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A Former CEO Glimpses Airlines' Future

The years since 2001 have presented new challenges to airlines.
Jack Speer, NPR
The years since 2001 have presented new challenges to airlines.
Gordon Bethune in his office in the Continental building in Houston.
/ Jack Speer, NPR
/
Jack Speer, NPR
Gordon Bethune in his office in the Continental building in Houston.

Troubles in the airline business spark essential questions over the industry's future. From higher fuel prices to increased security costs that drain revenue, commercial airlines have had a rough time of it.

By his own count, former Continental CEO Gordon Bethune outlasted many of his counterparts at other airlines: four at USAir, three at United, and two each at American and Delta, to name a few.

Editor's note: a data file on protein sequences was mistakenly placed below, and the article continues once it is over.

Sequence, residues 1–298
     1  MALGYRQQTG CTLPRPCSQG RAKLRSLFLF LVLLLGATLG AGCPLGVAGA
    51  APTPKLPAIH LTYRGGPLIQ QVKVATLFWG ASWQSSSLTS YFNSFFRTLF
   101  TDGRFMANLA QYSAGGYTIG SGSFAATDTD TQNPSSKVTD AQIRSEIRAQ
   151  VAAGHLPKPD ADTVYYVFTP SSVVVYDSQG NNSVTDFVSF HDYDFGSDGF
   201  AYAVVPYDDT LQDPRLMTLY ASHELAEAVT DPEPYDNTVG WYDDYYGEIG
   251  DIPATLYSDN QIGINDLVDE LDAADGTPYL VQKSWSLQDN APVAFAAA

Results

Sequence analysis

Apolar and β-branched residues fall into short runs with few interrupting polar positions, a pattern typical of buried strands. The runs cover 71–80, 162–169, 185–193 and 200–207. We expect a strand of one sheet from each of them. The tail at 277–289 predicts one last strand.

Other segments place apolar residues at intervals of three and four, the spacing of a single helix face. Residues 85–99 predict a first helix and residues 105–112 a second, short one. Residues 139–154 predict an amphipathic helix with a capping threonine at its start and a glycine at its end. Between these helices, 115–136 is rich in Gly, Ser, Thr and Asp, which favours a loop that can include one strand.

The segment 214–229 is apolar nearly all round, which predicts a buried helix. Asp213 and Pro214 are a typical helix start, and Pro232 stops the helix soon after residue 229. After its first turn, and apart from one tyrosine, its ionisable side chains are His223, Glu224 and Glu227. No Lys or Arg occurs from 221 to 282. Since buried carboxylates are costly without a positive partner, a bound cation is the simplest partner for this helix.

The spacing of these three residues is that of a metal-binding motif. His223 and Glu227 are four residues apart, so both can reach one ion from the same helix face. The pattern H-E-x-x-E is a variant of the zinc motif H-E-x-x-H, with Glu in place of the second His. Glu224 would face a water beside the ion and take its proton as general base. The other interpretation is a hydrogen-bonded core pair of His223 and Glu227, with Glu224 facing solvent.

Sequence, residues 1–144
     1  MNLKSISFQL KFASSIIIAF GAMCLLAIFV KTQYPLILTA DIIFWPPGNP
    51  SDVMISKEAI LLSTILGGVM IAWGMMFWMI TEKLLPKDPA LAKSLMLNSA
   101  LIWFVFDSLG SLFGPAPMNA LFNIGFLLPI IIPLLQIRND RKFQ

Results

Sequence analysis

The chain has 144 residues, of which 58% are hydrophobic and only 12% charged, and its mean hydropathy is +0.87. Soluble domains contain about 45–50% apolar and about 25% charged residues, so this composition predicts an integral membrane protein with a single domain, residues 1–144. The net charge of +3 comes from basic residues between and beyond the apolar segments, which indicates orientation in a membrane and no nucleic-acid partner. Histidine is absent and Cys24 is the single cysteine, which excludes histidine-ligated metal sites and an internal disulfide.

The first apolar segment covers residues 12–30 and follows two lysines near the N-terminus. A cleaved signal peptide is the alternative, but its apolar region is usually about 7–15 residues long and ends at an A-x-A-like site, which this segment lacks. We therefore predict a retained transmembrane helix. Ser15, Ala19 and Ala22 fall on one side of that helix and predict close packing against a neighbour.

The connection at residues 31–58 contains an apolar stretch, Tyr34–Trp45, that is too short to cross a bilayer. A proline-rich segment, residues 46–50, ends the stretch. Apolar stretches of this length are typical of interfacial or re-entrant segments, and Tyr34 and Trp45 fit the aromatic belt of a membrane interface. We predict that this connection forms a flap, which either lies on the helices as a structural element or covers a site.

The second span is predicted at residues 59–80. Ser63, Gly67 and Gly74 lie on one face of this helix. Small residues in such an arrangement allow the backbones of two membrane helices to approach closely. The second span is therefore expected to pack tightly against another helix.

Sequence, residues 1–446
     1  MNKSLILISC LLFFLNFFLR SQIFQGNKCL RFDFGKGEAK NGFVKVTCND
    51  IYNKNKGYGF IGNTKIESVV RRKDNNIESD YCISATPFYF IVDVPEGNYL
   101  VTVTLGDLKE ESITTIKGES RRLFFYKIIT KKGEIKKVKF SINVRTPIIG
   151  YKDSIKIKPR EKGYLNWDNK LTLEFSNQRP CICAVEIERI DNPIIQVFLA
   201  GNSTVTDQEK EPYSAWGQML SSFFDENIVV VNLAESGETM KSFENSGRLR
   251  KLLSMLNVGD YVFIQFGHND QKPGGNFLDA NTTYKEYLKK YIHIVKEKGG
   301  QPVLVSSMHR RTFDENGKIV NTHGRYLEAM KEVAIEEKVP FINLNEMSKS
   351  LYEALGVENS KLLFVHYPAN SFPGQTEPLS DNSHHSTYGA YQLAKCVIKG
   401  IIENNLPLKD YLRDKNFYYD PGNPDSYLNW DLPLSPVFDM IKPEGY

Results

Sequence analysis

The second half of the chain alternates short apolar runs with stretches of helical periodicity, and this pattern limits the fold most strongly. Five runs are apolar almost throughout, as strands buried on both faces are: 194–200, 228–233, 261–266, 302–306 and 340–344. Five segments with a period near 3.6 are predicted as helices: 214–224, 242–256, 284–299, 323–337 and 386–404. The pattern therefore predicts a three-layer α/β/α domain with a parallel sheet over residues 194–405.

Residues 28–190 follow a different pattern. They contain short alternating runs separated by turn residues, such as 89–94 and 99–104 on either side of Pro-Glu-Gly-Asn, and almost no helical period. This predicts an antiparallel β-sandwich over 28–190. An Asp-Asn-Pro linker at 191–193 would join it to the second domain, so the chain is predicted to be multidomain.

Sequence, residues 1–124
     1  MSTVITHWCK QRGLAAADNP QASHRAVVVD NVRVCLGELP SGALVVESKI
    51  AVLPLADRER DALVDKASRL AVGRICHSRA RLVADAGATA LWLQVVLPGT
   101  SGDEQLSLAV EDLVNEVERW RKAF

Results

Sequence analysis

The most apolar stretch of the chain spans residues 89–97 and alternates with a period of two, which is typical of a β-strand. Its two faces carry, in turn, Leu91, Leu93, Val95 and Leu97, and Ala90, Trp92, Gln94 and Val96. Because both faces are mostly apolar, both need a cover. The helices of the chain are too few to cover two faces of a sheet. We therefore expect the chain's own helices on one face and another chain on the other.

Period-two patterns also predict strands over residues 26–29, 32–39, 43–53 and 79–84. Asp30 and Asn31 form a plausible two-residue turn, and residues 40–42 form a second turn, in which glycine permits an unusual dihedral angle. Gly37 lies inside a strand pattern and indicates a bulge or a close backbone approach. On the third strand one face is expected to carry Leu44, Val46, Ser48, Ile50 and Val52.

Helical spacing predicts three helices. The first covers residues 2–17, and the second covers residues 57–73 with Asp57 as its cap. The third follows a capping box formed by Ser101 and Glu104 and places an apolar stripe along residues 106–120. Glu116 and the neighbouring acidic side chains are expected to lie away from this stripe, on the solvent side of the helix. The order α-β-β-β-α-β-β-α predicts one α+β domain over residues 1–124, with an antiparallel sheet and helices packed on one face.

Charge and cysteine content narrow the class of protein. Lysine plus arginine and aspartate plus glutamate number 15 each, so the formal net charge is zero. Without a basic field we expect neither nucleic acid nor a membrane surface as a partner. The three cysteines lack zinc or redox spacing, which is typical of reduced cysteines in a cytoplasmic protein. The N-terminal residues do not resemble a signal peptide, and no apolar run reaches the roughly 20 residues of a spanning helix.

Bethune, credited with turning his company around to become one of the few profitable airlines during his tenure, talks with NPR's Jack Speer about what to expect from an industry in a prolonged decline.

"It's sort of like being a tomato farmer, Bethune says. "In the year that there's way too many tomatoes, there's a bumper crop, nobody makes any money because tomato prices go to nothing." And, he predicts, like tomatoes, when supply and demand regain their balance, the industry will return to health.

In the meantime, airlines should continue to cut costs with automated services -- but they must also stick to their schedules, and keep the planes running on time.

Now a consultant to Continental after retiring in December, Bethune looks back on his 10 years at the company's helm with pride in the airline's safety record -- and relief. As he says, "it is a responsibility and it's kind of nice not to have to fly the airplane every day."

Copyright 2022 NPR. To see more, visit https://www.npr.org.

Jack Speer
Jack Speer is a newscaster at NPR in Washington, DC. In this role he reports, writes, edits, and produces live hourly updates which air during NPR programming.